We could have the same discussion about horse racing, or the Searles school becoming a hotel, or the new coop building or the affordable housing at 100 Bridge Street. Every one of these economic development ideas will bring money to the town but were met with legitimate opposition. The interest of those who want to slow the rise in taxes competes with those who want the town to look/feel/act a certain way. No one is right or wrong, they are looking at different things and disagreeing about which is more important.

There’s another limitation to getting things done “the way we want them done,” another competing interest. When boards are making decisions about what “we” want, the first “we” they have to think about is Town Meeting. No board or staff person has any authority beyond what is given to them by state law or Town Meeting vote. Our town boards don’t represent us. We represent ourselves at Town Meeting. Our town boards do what Town Meeting tells them to do. So maybe the reason an obvious solution hasn’t been tried is that Town Meeting hasn’t allowed that solution.

It is Town Meeting that says how much our taxes will be and what they will and won’t pay for. It is Town Meeting that says where marijuana retail shops are and are not allowed, and how many of them should be permitted. It is Town Meeting that decides how much money to save for future infrastructure repairs or new school buildings. We, every voter in GB, make those decisions which town boards have to follow. And we, every voter in GB, have the ability to go back to Town Meeting to change previous decisions and give town boards new direction.

Finally, we have gotten feedback suggesting that the title of the show is condescending. One commenter suggested that we retitle the show: “It’s Not That Simple So Shut Up You Idiot,” since that is what we are really trying to say.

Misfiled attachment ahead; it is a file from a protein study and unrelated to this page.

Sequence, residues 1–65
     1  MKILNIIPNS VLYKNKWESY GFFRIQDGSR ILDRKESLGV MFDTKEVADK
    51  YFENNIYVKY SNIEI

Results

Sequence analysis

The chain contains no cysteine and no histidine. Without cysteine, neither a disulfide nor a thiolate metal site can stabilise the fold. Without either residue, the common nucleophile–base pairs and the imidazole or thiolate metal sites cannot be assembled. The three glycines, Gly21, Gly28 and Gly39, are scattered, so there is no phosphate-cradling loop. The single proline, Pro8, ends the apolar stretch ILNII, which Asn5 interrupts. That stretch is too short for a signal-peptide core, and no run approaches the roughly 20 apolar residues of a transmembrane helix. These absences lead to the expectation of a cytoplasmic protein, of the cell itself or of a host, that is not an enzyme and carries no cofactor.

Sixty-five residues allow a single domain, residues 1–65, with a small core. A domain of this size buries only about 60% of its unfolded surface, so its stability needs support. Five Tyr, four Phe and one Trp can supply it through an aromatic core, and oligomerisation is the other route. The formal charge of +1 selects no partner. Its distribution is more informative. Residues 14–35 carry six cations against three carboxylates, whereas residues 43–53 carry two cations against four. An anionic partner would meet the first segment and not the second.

Not at all. In fact, just the opposite. Please keep talking. Please keep getting involved.

As voters and taxpayers, it isn’t our job to know all of the “the complexities, the competing interests, the less obvious costs or consequences, and the missing information.” That’s why we elect boards, appoint committees, and hire staff. We delegate the research and deliberation to people willing to spend more time. The people working on these issues, whether paid staff or volunteer board members, aren’t smarter than the rest of us, but they do have more information. Our intent, with this column and the radio broadcast, is to describe the issues and how they do or don’t get solved so that we, all voters and taxpayers, can be part of the process.

Keep making those comments and suggestions. Keep going to board and committee meetings.  Keep offering solutions. Good policy starts with the types of “obvious” suggestions and comments we deal with in this column, but good policy can’t end there.

What we ask on the broadcast and in this column is to remember this: maybe we don’t have all the information. Maybe the people who are considering the issue have already thought of our suggestion and rejected it after considering “the complexities, the competing interests, the less obvious costs or consequences, and the missing information.” That doesn’t mean we shouldn’t ask. It just means we might want to phrase the comment differently. “Have you considered…” rather than “What’s wrong with this town…”

We hope this column presents information that is not obvious.

On our next show we will read actual comments (edited for politeness) sent to our email (NotThatSimple528@gmail.com), our Facebook page, and this column, and discuss why, maybe It’s Not That Simple.

We are on the air every other week, Fridays at 9:05 am on WSBS-AM.

We encourage you to click here to listen anytime to the WSBS podcast of It’s Not That Simple for more details than we are able to cover in print.

Is there’s an issue you’d like to discuss on the show? Have comments about this or previous episodes? We invite your contribution of topics and concerns that may be of interest and that might seem simple to address. Maybe there IS an obvious solution that no one has thought of, or maybe It’s Not That Simple.

Email your suggestions or questions to NotThatSimple528@gmail.com, of find us at Facebook.

Next Show: December 6, at 9:05 on WSBS, 860AM, 94.1FM, Your Hometown Station.